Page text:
Hence, we can conclude that skin degradation is a complex process involving various genetic, environmental, and hormonal mechanisms. One can differentiate between intrinsic, chronologic degradation and extrinsic, “environmental” degradation; both processes occur in conjunction with the other and are superimposed on each other. Free radicals play a central role in the course of both intrinsic and extrinsic degradation and in a way, daily overnight skin treatment becomes crucial. During the chronologic aging process, free radicals are formed naturally through normal human metabolism, whereas, in the extrinsic aging process, they are produced by exogenous factors, such as UV exposure, cigarette smoking, and alcohol consumption. At least 50% of UV-induced damage to the skin is estimated to be attributable to the UV-induced formation of free radicals. Harman, et al. first proposed this “free radical theory of aging” in 1956, and today it is one of the most widely accepted theories used to explain the cause of skin aging. Free radicals are highly reactive molecules with an odd number of electrons that are generated from oxygen; they can damage various cellular structures, such as DNA, proteins, and cellular membranes. In addition, free radicals may lead to inflammation, which seems to play an additional role in skin degradation.
Lets find out secret ingredients you should look out for that can transform your skin while you sleep.
- Rosehip seed oil-I have written a separate blog on rosehip- the herb is so beautiful. Well, all I can say is the scars on your face that sat for years and years, the stubborn acne, the wound marks- rosehip seed oil is all you need. There is extensive research done on it. Read more here https://zoemskin.com/blogs/news/rosehip-oil-benefits-for-skin
- Green tea- Flavonoid compounds with phenolic structures are phytochemicals that are highly reactive with other compounds, such as reactive oxygen species and biologic macromolecules, to neutralize free radicals or initiate biological effects. A short list of phenolic phytochemicals with promising properties to benefit human health includes a group of polyphenol compounds, called catechins, found in green tea.It is chemopreventive, naturally healing, and anti-aging for human skin.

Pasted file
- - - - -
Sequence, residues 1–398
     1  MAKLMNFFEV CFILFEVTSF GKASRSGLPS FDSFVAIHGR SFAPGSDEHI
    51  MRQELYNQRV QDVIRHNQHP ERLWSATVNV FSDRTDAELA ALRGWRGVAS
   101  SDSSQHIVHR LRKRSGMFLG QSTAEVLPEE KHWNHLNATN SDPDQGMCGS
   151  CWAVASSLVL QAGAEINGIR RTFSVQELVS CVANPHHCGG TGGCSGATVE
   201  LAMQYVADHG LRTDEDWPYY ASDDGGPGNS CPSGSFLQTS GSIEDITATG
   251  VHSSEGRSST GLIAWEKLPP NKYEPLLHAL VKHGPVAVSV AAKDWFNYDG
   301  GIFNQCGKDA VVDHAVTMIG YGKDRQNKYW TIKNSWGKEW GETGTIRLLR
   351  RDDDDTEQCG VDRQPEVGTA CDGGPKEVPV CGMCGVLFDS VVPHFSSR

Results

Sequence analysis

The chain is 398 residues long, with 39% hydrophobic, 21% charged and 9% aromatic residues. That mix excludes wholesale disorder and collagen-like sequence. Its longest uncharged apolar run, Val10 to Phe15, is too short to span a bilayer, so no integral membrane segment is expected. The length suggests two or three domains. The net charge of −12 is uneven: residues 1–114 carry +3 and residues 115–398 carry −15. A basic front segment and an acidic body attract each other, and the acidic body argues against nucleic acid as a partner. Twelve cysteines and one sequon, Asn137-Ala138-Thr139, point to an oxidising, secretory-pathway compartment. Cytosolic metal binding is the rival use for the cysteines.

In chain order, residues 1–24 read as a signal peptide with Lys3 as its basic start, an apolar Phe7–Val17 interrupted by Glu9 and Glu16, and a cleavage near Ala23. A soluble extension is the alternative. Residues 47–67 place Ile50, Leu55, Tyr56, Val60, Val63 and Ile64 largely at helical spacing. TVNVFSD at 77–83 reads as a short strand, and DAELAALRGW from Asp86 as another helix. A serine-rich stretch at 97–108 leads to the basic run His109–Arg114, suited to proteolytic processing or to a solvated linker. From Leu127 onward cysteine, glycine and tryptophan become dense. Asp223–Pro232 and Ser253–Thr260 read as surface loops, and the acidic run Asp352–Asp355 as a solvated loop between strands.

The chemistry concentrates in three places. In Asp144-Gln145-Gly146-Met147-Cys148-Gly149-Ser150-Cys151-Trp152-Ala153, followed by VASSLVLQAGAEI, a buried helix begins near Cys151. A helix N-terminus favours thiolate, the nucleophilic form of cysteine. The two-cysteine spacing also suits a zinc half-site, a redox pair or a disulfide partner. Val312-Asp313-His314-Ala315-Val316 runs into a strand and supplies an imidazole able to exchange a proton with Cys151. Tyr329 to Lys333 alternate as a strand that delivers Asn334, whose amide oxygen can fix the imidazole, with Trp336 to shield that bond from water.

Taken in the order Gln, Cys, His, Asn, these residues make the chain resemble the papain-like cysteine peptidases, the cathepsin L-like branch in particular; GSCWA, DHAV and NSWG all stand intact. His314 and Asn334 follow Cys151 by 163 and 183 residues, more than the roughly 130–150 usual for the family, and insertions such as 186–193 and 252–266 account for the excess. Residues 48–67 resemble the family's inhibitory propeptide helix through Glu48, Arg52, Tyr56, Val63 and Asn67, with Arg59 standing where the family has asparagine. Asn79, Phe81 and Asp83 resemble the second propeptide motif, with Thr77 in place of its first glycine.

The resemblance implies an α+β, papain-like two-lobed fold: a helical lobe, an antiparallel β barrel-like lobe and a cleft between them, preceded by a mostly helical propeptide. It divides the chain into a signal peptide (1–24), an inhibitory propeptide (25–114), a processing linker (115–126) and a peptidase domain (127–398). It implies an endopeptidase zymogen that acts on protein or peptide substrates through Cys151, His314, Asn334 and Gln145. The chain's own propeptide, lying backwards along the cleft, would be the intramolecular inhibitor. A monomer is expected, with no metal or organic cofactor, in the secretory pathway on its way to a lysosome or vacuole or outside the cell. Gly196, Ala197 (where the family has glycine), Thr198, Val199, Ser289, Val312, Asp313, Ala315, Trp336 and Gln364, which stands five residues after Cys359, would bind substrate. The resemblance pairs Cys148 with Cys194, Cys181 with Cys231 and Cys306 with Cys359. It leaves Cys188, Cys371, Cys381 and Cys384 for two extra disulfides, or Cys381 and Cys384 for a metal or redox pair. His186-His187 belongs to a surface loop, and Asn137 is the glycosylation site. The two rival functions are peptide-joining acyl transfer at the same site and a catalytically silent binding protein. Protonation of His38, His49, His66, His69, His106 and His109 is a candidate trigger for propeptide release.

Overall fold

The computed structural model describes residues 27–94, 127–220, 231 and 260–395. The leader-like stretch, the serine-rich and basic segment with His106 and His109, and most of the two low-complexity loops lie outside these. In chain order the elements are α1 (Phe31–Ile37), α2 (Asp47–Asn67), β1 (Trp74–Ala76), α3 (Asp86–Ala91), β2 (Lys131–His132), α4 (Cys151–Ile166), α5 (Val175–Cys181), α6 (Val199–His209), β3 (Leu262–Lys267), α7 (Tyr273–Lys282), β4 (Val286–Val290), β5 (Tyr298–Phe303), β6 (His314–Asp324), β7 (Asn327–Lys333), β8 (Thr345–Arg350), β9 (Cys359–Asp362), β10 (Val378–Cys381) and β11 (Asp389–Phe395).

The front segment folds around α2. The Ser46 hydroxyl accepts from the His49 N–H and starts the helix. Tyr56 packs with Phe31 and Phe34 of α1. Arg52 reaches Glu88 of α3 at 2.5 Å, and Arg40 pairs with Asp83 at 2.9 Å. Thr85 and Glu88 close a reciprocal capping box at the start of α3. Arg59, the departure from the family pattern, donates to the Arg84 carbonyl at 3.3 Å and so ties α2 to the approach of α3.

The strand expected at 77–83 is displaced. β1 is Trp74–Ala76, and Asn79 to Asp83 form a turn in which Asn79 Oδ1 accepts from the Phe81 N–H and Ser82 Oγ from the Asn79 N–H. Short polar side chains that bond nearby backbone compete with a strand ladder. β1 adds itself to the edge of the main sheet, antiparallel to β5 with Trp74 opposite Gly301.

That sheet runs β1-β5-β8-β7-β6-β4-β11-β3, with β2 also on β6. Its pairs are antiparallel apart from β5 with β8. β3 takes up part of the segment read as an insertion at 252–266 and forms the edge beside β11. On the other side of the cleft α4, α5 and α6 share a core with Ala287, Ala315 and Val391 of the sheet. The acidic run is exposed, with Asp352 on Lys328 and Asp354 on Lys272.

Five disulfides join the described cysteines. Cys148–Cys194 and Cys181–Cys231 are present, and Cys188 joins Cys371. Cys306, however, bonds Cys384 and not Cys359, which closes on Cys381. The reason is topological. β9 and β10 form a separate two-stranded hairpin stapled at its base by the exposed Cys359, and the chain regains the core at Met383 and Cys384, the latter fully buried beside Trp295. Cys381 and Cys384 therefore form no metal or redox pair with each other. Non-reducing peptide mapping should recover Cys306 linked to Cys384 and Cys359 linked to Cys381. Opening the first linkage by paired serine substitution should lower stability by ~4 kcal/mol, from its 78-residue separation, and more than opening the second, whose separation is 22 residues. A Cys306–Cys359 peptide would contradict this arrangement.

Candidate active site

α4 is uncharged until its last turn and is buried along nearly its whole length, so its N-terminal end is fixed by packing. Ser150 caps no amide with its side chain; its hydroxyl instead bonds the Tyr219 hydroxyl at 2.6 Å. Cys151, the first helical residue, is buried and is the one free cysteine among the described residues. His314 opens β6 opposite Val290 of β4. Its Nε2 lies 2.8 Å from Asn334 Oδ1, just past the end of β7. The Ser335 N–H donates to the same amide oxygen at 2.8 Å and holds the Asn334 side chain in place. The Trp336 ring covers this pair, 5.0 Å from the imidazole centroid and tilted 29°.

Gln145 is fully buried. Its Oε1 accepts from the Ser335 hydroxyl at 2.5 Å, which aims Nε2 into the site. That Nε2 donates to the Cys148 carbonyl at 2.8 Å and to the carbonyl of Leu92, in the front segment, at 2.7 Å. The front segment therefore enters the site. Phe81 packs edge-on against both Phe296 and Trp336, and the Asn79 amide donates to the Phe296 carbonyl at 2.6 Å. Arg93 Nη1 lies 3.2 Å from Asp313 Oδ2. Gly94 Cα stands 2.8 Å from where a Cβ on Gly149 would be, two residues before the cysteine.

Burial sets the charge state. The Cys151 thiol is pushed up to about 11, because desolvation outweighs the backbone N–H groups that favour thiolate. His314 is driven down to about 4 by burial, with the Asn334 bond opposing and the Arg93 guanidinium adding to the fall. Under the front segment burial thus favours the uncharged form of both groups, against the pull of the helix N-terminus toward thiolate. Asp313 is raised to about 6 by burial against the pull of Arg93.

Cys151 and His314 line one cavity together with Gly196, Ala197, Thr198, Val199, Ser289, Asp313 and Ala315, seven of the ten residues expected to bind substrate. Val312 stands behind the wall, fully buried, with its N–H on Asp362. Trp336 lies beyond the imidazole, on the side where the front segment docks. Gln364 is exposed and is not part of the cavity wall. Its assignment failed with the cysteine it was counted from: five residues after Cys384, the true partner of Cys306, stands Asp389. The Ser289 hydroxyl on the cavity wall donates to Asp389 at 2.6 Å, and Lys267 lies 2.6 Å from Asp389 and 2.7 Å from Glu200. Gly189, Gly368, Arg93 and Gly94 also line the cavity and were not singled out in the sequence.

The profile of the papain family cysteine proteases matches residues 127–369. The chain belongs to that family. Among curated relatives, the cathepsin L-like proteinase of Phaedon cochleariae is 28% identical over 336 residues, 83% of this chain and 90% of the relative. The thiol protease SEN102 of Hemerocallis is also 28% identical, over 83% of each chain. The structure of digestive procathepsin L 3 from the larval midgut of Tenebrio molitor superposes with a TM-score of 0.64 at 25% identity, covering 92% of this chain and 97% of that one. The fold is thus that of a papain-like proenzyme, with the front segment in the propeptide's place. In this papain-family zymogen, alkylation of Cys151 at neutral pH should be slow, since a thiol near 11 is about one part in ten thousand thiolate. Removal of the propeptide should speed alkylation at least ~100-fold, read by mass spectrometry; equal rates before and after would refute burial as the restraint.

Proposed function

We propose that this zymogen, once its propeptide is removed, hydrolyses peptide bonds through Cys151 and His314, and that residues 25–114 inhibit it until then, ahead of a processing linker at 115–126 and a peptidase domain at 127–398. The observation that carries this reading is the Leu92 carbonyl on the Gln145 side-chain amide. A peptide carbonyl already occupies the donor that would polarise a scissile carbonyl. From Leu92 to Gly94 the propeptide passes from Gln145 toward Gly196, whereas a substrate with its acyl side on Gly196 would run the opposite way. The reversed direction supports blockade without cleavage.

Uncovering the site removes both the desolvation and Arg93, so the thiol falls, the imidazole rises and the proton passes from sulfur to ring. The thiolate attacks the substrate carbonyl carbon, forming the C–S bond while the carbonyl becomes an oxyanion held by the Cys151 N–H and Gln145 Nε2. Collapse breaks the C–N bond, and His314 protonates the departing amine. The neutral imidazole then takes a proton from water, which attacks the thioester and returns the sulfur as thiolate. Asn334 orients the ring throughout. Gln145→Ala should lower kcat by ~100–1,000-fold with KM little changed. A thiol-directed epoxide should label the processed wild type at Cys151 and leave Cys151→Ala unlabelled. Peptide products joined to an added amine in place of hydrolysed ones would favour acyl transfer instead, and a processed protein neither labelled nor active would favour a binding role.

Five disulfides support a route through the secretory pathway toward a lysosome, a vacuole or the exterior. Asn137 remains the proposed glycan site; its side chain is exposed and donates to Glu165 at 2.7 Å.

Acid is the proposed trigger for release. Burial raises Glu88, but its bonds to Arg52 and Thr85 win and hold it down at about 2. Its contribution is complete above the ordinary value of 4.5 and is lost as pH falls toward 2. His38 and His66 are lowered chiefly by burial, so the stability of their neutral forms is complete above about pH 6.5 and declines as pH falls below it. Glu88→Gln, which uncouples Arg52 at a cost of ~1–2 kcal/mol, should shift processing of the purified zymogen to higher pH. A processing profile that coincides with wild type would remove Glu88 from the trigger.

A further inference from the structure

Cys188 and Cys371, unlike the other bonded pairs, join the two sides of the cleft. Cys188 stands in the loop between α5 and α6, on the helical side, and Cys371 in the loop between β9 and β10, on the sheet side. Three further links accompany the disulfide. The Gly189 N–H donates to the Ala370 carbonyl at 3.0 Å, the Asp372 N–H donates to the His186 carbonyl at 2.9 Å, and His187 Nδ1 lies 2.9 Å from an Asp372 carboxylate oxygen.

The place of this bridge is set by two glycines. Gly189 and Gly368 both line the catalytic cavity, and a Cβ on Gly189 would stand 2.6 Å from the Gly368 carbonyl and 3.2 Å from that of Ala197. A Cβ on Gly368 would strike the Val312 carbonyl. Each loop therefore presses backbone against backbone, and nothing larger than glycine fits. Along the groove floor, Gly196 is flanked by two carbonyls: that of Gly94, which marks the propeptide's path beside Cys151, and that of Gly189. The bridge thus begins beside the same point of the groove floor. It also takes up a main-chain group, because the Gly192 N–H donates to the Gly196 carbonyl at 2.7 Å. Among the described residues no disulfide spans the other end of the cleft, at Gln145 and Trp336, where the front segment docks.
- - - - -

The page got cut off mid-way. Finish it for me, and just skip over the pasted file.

- Cornflower-Using cornflowers will help with tired, itchy and puffy eyes and have a toning and cooling effect- on the skin.
- Yarrow-this potent little hedgerow herb is distilled to make an essential oil packed with a compound called chamazulene, which exhibits anti-inflammatory and anti-allergenic properties. Yarrow is famous in folklore for stopping the bleeding of wounds and nosebleeds. It is considered good in the care of oily and acne-prone skins.
- Wild carrot (Daucus carota)-One of my favourite herbs,carrot’s seed is distilled to create an earthy essential oil which is great for mature skin. It is said to stimulate circulation, repair and tone the skin, increase elasticity, as well as reduce the formation of wrinkles and scars.
- Calendula macerated oil- has antifungal, anti-inflammatory, and antibacterial properties that can soothe eczema and severe breakouts. It also beautifully heals any wounds on skin.
- Evening primrose oil-This potent flower’s oil soothes and moisturizes the skin, scalp, and hair while enhancing elasticity. Furthermore, it promotes a healthy, clear, rejuvenated complexion.
- Jojoba oil-Vitamin E and B-complex vitamins in the Jojoba oil help in skin repair and damage control. You can use it as a lip balm to soothe dry, cracked lips, or you can apply it all over your face before bed as an anti-aging serum.
- Allantoin-Allantoin protects against UV-induced cell damage (Zasshi, 1998). All of It is a great anti-ageing cosmeceutical.
Hop on my quick 3 step note, here to understand how you can use any of these beautiful products that I mentioned above